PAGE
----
At this rapidly changing time we have put together some Q&As around how businesses can deal with questions of pay and pensions. We will update this guidance as further developments arise. Please contact your usual LEBC contact by email for specific questions. We would also recommend that you review the information produced by Government which provides detailed guidance and is likely to be updated frequently. https://www.gov.uk/guidance/claim-for-wage-costs-through-the-coronavirus-job-retention-scheme
Q1. Who can apply to have staff wages paid by the Government scheme during the Coronavirus outbreak?
A. Employers can apply to the Job Retention Scheme so that instead of laying off the employee without pay, (furlough) or making them redundant, the employer can receive financial support while maintaining their employment. It includes full and part time, agency workers and those on zero hours.
This can include employees already made redundant after 28 February, providing they are re hired. During this time employees retain their legal employment rights, continue to accrue holiday and to receive ongoing pension contributions. To qualify the employee must do no work. This scheme cannot be used for the wages of those who are working, but at lower capacity.
Q2. What level of support will businesses get to help pay the wages of staff?
A. Up to 80% of furloughed workers’ wage costs (Based on February 19 PAYE) with a cap of £2,500 per month per employee. Employers may top this up, if they can afford to do so, but will not be required to do so. This scheme is for 3 months initially but may be extended at the end of May.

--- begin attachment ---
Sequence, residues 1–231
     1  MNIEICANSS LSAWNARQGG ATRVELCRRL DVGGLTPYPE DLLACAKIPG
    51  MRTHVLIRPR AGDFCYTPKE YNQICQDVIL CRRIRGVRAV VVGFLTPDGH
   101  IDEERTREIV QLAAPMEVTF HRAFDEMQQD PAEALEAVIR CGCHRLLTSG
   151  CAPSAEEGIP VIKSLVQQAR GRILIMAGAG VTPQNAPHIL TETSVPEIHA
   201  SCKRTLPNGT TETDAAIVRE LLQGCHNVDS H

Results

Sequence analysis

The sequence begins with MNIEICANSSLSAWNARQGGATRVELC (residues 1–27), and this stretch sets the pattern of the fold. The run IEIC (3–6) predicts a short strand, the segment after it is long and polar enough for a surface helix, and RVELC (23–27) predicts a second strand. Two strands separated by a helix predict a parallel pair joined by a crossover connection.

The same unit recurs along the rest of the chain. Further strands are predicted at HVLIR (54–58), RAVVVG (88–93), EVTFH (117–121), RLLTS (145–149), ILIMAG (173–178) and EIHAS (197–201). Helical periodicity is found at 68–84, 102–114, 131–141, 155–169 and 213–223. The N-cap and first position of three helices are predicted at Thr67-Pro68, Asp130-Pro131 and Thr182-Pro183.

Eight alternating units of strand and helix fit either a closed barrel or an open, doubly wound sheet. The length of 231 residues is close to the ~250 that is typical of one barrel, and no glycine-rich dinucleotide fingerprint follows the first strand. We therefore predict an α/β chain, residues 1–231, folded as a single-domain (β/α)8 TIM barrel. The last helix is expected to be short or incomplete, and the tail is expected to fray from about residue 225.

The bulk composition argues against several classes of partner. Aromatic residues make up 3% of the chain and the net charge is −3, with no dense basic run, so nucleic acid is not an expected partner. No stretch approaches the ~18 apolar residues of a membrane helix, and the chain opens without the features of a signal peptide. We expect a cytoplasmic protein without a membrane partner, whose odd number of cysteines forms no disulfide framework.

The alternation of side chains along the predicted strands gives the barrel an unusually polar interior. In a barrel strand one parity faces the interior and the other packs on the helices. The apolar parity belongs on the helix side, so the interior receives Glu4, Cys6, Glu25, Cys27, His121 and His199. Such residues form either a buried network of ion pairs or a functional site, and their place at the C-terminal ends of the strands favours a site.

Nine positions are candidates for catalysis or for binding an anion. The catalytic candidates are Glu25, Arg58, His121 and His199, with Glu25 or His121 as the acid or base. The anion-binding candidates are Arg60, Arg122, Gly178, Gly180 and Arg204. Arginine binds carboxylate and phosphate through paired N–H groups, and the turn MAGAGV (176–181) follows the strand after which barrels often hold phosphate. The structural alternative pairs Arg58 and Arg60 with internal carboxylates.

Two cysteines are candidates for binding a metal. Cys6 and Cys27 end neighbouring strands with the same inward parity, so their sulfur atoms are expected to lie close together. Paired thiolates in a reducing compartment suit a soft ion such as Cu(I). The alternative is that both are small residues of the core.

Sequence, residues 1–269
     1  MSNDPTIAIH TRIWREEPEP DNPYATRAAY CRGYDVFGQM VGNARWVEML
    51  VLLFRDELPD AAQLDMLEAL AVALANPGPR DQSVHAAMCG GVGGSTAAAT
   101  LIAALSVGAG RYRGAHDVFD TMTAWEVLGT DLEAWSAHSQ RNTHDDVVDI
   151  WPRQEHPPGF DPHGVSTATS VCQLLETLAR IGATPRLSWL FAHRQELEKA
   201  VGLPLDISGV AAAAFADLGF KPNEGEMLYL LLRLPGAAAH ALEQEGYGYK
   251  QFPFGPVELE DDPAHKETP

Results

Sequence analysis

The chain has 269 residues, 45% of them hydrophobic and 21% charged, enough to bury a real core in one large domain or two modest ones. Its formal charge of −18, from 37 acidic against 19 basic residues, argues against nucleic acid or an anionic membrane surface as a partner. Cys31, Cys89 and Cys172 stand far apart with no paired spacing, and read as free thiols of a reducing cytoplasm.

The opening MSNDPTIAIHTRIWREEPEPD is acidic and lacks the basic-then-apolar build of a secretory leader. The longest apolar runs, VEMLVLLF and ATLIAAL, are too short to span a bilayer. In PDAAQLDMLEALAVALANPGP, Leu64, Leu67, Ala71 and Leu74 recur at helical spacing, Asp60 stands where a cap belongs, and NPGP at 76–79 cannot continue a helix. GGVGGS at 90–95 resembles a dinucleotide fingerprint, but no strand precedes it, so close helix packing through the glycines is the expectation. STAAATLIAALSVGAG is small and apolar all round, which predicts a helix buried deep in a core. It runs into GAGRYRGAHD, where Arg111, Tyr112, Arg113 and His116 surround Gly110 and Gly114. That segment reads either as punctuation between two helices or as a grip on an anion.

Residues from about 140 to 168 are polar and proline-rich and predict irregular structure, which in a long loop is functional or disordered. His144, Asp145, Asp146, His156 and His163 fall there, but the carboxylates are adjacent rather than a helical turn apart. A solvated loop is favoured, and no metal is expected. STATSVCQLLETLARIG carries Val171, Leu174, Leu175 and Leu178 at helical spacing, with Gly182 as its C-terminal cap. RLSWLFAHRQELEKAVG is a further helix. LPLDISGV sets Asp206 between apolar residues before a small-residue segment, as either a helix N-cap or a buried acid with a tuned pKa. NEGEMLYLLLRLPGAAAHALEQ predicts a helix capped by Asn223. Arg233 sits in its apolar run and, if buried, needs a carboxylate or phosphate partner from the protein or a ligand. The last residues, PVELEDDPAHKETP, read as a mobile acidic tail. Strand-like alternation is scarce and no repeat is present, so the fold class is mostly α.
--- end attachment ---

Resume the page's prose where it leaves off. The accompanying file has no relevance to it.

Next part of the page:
Employer NI and minimum auto enrolment pension contributions, based on the pay provided by the grant, for these furloughed (on unpaid leave) employees can be claimed on top of this.
Q3. When will this be paid?
A. HMRC expect to start this process in April payroll, backdated to 1 March. It is not automatic; employers need to apply on behalf of those staff who have no work every 3 weeks.
Q4. How will this affect the business and employee’s tax liability?
A. Payments are subject to the normal tax and NI deductions through PAYE. This policy is like a group income protection policy, with the Government acting as the insurer, remitting funds to employers for onward payment to eligible employees via PAYE.
Employees must continue to pay their minimum auto enrolment contributions from their pay, whether they are furloughed or not.
Grants received under the scheme will be treated as income received by the business and will be taxable.
Q5. Can we offer furlough to employees who are on sick leave or self-isolating or on maternity leave?
A. No, they are not eligible for this scheme. They should continue to receive Statutory Sick Pay and any additional sick pay provided under their contracts. Those on unpaid leave before 28 February for other reasons are also ineligible. Once the period of sick leave or other leave ends, they may become eligible. Employees shielding (over 70 or underlying health conditions) can be furloughed.
Employees on maternity leave or about to start maternity leave should be paid Statutory Maternity Pay at the usual rate of 90% of earnings for 6 weeks followed by 33 weeks at the lower of 90% of earnings or £151.20 per week. This also applies to paternity, adoption and shared parental leave.